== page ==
The government has stepped up the pressure on GPs to work in the evenings and at weekends.
GPs pay has risen since a new contract came in
Ministers have warned they will push through a tougher deal if GPs do not agree to an extra three hours a week.
Doctors are willing to open for longer, but disagree over how long it should be for and the penalties for not doing so.
Gordon Brown has made extending GP hours a priority, although a survey of 2m patients earlier this year showed 84% were happy with opening.
The government said if doctors reject the offer in a poll to be carried out in the new year, it is prepared to impose tougher terms.
It would take out a hundred million pounds of extra funding, and reallocating a further three hundred million from within the existing GP contract to local primary care trusts, to spend as they see fit.
It comes after GPs have seen their pay rocket by 30% to £110,000 a year in the first two years of their new contract which started in 2004.
The British Medical Association, the doctors' trade union, has said it is happy to do extended hours without any extra money, but only wants to offer two extra hours a week for every 6,000 patients.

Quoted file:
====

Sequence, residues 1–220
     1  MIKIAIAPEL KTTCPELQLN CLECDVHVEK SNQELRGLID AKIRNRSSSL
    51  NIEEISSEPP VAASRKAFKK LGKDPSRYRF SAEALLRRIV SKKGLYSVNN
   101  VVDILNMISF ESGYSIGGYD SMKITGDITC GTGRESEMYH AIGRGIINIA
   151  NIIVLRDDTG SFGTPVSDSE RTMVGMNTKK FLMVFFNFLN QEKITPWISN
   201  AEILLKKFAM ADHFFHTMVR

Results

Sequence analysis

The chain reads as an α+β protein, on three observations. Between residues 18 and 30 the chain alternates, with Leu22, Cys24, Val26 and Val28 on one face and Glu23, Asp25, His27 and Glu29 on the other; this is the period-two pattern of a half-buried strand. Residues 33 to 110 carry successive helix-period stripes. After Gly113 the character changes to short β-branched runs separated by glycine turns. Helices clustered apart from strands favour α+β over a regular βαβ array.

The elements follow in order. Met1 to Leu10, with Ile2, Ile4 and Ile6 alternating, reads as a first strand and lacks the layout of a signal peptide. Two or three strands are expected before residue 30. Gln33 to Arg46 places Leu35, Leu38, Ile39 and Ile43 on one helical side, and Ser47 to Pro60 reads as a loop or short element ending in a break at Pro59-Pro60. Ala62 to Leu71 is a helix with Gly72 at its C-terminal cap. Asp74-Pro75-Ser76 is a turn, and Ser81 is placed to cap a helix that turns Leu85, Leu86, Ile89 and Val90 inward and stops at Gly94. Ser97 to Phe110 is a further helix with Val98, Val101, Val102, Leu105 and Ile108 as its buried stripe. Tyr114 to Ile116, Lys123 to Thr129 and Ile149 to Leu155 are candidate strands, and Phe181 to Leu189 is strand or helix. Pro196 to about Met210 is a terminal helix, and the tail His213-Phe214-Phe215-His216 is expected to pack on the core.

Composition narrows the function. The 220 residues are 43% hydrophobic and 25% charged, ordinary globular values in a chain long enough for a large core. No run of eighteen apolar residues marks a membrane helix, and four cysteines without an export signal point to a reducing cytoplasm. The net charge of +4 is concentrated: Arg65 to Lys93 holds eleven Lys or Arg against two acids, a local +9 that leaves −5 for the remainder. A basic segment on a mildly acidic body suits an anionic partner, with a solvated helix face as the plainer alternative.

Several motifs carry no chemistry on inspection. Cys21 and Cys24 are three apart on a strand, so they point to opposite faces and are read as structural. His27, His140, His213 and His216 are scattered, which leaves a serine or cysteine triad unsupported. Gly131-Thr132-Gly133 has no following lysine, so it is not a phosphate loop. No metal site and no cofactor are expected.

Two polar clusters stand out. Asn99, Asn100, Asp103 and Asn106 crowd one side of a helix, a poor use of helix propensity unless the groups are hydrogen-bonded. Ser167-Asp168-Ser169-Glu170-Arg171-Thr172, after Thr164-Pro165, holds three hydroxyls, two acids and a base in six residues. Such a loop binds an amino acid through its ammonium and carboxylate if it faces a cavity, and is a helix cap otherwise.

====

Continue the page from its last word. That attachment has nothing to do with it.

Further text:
The average GP has a list of 2,000 patients meaning doctors would only need to do an extra 40 minutes.
The government, however, wants to see three extra hours for every 6,000 patients.
Officials also said the profession has been offered £100m to do this - something the BMA has disputed.
And crucially the BMA does not want the system structured in such a way that they would lose as much funds if they did not provide the extra hours.
There is also believed to be disagreement over how the extra hours should be provided, with the government wanting it to be done in 90-minute blocks whereas doctors want to be free to decide how it is done.
Ministers can push the proposals through without the agreement of doctors as long as they consult for 13 weeks.
Dr Laurence Buckman, of the BMA's GP committee, said: "We believe the government's method of negotiation is nothing short of a disgrace.
"They have effectively put a gun to our head and said if we don't accept their proposal they will impose a more draconian contract.
"The vast majority of our patients, and in particular those with chronic diseases or mothers with young children, prefer to come to surgeries during the day.
"They will be the ones who lose out if GPs are forced to work differently."
Health Minister Ben Bradshaw said the proposals would provide greater convenience for patients and were a good deal for GPs.
"It is disappointing that the BMA have not been able to agree to this, but we very much hope GPs themselves will back a proposal.
"If they do not, we will need to have alternative arrangements in place for next April."